Discover more from Best Evidence
Have we soured on The Staircase?
It’s not a hot potato, so why do Sarah and I keep passing it around?
The excited buzz around HBO Max’s dramatic adaptation of The Staircase kind of took a turn once the screeners started rolling out. Remember, this is the show that played us all (us = the media, not you excellent BE subscribers) for suckers with the weekly “casting leaks” (I still remember the day — nearly a year ago! — I saw Parker Posey would be playing Freda Black) that kept the series in the headlines until it was ready for release.
But all the marketing genius in the world doesn’t make up for a product that’s either released in a time when folks are genre-fatigued, isn’t very good, or is just plain unpleasant. And when writers/critics/analysts feel like something’s been overhyped, the backlash can be pretty furious.
That sounds like I’m suggesting that all the coverage of The Staircase that’s out there is bad, and that’s not true — but a lot of people I like and respect were definitely not fans. Other folks, like Sarah and I, are finding ourselves doing pretty much anything else when we probably should be watching it. Today, I want to take a look at how other folks are covering The Staircase, and I’d love to hear from any of you who are watching it. Are you enjoying it! Are the critics right or wrong? —EB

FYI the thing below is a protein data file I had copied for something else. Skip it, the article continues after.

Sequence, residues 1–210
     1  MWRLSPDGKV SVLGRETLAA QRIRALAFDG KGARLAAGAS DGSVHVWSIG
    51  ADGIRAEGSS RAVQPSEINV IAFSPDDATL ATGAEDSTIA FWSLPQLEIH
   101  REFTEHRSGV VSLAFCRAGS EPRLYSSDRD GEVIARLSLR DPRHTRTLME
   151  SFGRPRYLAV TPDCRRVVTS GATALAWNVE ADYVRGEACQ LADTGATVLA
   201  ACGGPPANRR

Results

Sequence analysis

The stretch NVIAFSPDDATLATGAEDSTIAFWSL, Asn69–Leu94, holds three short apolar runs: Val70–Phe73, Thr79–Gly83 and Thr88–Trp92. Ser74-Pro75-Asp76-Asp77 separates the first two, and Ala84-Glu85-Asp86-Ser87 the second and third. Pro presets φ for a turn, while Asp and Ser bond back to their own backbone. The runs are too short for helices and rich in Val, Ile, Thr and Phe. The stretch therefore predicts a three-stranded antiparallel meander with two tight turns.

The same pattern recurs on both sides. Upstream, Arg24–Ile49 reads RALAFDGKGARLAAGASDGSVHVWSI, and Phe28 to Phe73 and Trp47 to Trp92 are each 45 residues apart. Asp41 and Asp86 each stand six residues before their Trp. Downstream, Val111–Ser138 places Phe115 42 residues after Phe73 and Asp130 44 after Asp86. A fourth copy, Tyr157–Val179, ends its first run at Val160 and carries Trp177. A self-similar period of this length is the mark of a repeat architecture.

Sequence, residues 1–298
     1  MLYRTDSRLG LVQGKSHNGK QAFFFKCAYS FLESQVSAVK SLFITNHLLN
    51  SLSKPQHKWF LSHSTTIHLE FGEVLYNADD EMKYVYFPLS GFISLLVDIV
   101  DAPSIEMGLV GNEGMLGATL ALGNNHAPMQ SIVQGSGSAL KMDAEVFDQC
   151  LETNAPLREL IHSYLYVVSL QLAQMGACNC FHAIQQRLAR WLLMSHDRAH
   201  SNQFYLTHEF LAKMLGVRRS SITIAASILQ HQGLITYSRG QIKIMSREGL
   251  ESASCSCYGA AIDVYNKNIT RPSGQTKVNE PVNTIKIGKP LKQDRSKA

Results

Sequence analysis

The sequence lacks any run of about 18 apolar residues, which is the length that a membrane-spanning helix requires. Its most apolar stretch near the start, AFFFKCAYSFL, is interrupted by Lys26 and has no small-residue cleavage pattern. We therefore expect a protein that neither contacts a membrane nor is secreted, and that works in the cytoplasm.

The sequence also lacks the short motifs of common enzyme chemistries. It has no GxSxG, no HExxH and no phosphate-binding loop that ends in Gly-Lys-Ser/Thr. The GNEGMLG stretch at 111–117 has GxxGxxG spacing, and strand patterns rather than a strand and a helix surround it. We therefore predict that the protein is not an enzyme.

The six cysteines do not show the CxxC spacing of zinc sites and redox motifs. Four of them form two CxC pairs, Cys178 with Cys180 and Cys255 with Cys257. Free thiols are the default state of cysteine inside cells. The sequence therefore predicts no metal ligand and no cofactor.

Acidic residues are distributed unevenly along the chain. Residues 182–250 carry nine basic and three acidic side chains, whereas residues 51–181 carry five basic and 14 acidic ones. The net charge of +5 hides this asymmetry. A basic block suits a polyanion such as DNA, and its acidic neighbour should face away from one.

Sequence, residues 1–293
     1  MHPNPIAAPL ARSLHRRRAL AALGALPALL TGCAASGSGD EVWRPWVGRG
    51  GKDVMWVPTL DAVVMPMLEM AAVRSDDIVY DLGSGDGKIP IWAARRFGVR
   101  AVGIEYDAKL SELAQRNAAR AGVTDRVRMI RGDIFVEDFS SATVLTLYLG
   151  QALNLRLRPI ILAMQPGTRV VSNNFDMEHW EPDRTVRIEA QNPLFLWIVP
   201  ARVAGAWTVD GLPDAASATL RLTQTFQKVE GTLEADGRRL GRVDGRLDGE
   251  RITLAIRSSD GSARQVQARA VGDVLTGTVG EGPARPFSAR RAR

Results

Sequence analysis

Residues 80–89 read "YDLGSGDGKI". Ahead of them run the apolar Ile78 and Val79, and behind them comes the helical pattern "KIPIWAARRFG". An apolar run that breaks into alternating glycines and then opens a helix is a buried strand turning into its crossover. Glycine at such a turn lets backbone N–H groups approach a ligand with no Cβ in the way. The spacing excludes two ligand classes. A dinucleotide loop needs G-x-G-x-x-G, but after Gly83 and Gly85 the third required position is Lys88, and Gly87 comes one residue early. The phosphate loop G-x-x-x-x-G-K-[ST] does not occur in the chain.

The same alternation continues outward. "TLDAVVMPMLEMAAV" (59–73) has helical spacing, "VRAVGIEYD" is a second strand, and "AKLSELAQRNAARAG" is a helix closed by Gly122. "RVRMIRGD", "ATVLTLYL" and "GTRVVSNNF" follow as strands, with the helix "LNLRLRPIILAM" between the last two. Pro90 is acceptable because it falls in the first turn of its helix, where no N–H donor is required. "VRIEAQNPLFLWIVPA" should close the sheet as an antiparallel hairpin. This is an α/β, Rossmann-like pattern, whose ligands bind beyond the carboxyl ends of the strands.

One of the reasons I’ve been having trouble picking The Staircase up is something Richard Lawson said on last week’s Little Gold Men podcast. The conversation starts at around 14:44; he says its “really well built and really well acted, but I am having a really hard time getting through the screeners.” Part of that, Lawson says, is that early on the show contains a scene that’s “one of the most brutal five minutes of television I’ve seen, maybe ever.”
I kept thinking about that as I opened HBO Max and scrolled to the show to watch it. “Ever?” I’d think. I read Lawson’s reviews, it’s not like he only watches My Pretty Pony. If he says something is brutal, he means it. He goes into greater detail in his Vanity Fair review:
We watch as the actor playing Kathleen, Toni Collette, heads back inside the house after a night of gentle carousing with Michael (Colin Firth) by the pool. She puts her wine glass on the kitchen counter, considers checking her email before bed but changes her mind, and begins making her way up the back stairs of her stately mansion. Suddenly, her flip-flop catches, she slips, and is tossed back against the wall, badly hitting her head, a halo of blood swiftly seeping out. She struggles to get up. She tries to call for help. Eventually, she dies.
The awful scene in the stairway—which is re-created again in a later episode, only as a murder this time—is the most bold, and critical, interrogation of our interest in such things. “Is this what you wanted to see?” Campos seems to ask as Collette thrashes and moans in horrifyingly convincing fashion. There’s a tinge of Michael Haneke’s two Funny Games films in that question, a demand that the audience confront what the violence they are craving actually might look like in the unstylish, unedited, un-dramatically motivated real world. Campos does not take it easy on those viewers, nor on himself, in staging this event with such unblinking clarity.
By the end of the review, it seems like The Staircase, well made as it is, is enough to make Lawson hope it somehow kills off true crime as a genre. I’m not even kidding, his kicker is “Campos has made the true-crime series to end them all. One hopes, anyway.”